Thomas Gray to William Taylor How, 12 January 1768
William Taylor-How Esq, at
Stondon-Place near Ongar
You perceive by Mr Brown's letter, that I pass'd all the summer in the North of England, went from thence to London, & did not arrive here till the middle of December, where I found your parcel. since that time I have been generally confined to my room, & besides I was willing to go thro' the eight volumes before I return'd you an answer. this must be my excuse to you, for only doing now, what in mere civility I ought to have done long ago. first I must condole with you, that so neat an edition should swarm in almost every page with errors of the press, not only in notes & citations from Greek, French, & English authors, but in the Italian text itself, greatly to the disreputation of the Leghorn Publishers. this is the only reason (I think) that could make an edition in England necessary: but I doubt you would not find the matter much mended here, our presses, as they improve in beauty, declining daily in accuracy: besides you would find the expence very considerable, & the sale in no proportion to it, as in reality it is but few people in England, that read currently & with pleasure the Italian tongue; & the fine old editions of their capital Writers are sold at London for a lower price, than they bear in Italy. an English translation I can by no means advise. the justness of thought & good sense might remain; but the graces of elocution (wch make a great part of Algarotti's merit) would be entirely lost, & that merely from the very different genius & complexion of the two languages.
I rather think these volumes should be handsomely bound, before they are put into the Library: they bind very neatly here; & if you approve it, Mr Brown will order it to be done. doubtless there can be no impropriety in making the same present to the University, nor need you at all to fear for the reputation of your Friend: he has merit enough to recommend him in any country, a tincture of various sorts of knowledge; an acquaintance with all the beautiful arts; an easy command, a precision, warmth, & richness of expression; & a judgement, that is rarely mistaken, on any subject to wch he applies it. of the Dialogues I have formerly told you my thoughts. the Essays and Letters (many of them entirely new to me) on the Arts are curious & entertaining. those on other subjects (even where the thoughts are not new to me, but borrowed from his various reading & conversation) often better put, & better express'd than in the originals. I rejoice, when I see Machiavel defended or illustrated, who to me appears one of the wisest Men, that any nation in any age has produced. most of the other discourses military or political are well worth reading, tho' that on Kouli-Khan was a mere Jeu d'esprit, a sort of historical exercise. the letters from Russia I had read before with pleasure, particularly the narrative of Munich & Lascy's campaigns. the detach'd thoughts are often new & just; but there should have been a revisal of them, as they are often to be found in his letters repeated in the very same words. some too of the familiar letters might have been spared. The Congress of Cythera I had seen, & liked before, the Giudicio d'Amore is an addition rather inferior to it. the verses are not equal to the prose, but they are above mediocrity.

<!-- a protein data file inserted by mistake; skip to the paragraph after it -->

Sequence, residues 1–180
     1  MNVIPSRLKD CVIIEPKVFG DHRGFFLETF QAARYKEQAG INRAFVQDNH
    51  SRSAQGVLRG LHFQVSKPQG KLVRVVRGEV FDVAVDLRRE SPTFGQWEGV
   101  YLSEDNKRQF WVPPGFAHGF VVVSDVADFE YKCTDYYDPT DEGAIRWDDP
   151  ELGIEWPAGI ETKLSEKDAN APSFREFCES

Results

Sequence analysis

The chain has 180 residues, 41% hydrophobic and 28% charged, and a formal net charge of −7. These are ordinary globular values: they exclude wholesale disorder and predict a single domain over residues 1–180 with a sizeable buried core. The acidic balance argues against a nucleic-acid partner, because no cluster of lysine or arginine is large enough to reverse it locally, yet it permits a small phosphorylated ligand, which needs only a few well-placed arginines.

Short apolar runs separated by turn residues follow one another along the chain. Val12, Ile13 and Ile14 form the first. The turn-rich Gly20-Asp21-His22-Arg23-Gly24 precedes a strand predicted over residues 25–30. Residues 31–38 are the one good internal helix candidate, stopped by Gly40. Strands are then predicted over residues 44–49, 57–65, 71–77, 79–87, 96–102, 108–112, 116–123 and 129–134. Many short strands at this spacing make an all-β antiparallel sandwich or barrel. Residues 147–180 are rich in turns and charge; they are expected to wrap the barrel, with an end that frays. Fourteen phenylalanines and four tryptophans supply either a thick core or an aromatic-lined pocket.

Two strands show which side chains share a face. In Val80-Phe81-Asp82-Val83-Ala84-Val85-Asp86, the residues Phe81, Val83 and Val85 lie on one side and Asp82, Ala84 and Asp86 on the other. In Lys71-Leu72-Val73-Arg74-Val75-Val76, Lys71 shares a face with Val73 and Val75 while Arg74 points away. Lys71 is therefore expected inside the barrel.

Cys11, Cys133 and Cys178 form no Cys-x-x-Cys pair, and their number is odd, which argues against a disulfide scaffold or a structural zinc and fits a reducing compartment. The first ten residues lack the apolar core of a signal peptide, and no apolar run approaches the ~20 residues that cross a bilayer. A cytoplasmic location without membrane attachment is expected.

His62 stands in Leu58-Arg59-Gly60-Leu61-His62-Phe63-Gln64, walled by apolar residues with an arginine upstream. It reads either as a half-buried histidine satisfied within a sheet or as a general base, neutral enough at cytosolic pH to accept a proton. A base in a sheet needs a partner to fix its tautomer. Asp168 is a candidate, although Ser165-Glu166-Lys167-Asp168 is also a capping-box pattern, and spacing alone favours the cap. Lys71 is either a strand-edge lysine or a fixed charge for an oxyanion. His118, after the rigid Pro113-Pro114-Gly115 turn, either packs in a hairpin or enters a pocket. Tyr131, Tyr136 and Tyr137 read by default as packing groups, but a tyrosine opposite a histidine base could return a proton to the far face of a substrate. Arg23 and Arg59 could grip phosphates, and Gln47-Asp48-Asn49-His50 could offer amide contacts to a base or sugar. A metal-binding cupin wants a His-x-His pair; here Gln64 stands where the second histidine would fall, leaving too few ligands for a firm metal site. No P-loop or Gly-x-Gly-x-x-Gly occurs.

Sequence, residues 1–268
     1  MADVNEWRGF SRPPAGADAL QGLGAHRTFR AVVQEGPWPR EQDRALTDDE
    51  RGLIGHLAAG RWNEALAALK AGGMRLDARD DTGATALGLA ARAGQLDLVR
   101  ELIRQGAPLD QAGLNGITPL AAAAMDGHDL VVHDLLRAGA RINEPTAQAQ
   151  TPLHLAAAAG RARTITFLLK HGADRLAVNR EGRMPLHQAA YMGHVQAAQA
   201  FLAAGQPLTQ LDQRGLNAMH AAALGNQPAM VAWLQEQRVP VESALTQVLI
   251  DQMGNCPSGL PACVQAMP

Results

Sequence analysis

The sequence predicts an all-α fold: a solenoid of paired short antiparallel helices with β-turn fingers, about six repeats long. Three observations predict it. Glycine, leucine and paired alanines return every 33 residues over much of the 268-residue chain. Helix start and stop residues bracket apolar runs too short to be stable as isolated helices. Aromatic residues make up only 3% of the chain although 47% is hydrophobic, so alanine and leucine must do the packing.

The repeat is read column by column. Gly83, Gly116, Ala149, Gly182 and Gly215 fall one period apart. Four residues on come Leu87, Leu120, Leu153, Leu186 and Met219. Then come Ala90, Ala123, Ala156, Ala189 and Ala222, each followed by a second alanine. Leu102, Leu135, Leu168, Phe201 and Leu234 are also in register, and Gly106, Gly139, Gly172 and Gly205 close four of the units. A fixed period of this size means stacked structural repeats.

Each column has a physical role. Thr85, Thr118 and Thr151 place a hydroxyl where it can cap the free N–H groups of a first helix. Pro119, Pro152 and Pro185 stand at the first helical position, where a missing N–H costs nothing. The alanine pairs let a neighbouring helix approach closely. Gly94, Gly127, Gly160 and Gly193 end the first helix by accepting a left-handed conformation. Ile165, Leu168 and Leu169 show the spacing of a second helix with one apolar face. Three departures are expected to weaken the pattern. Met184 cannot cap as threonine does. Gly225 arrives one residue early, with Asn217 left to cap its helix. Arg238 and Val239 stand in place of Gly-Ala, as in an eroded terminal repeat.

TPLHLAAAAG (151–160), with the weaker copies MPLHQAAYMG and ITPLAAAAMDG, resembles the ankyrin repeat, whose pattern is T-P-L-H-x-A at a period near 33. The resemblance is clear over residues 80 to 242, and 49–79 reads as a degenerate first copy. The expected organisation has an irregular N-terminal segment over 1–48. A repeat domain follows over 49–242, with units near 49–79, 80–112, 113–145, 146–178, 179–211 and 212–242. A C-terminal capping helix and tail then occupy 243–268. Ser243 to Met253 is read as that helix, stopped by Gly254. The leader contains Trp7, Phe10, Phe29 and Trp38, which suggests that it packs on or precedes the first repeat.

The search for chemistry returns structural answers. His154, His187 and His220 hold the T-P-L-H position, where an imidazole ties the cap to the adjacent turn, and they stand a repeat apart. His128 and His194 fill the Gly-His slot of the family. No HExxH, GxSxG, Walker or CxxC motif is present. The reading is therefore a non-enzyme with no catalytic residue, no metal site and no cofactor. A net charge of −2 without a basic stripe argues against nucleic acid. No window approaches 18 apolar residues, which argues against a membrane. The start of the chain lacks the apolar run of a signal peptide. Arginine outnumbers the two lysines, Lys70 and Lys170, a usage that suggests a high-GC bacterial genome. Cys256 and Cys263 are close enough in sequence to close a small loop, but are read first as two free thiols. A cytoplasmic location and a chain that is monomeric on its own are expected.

I shall be glad to hear your health is improved, & that you have thoughts of favouring us with your company here.
Add. MSS 26889, ff. 81-82, Manuscripts collection, British Library , London, UK <http://www.bl.uk/reshelp/bldept/manuscr/>
- The Poems of Mr. Gray. To which are prefixed Memoirs of his Life and Writings by W[illiam]. Mason. York: printed by A. Ward; and sold by J. Dodsley, London; and J. Todd, York, 1775, letter ix, section v, 389-391
- The Works of Thomas Gray, 2 vols. Ed. by Thomas James Mathias. London: William Bulmer, 1814, section V, letter IX, vol. i, 480-481
- The Works of Thomas Gray, 2 vols. Ed. by John Mitford. London: J. Mawman, 1816, section IV, letter CXXXIII, vol. ii, 488-490
- The Letters of Thomas Gray, 2 vols. in one. London: J. Sharpe, 1819, letter CXXXIII, vol. ii, 112-114
- The Works of Thomas Gray, 5 vols. Ed. by John Mitford. London: W. Pickering, 1835-1843, section IV, letter CXLIV, vol. iv, 98-100
- The Letters of Thomas Gray, including the correspondence of Gray and Mason, 3 vols. Ed. by Duncan C. Tovey. London: George Bell and Sons, 1900-12, letter no. CCCXVIII, vol. iii, 173-174
- Essays and Criticisms by Thomas Gray. Ed. with Introduction and Notes by Clark Sutherland Northup. Boston and London: D. C. Heath & Co., 1911, letter excerpt, 284-287
- Correspondence of Thomas Gray, 3 vols. Ed. by the late Paget Toynbee and Leonard Whibley, with corrections and additions by H. W. Starr. Oxford: Clarendon Press, 1971 [1st ed. 1935], letter no. 462, vol. iii, 995-997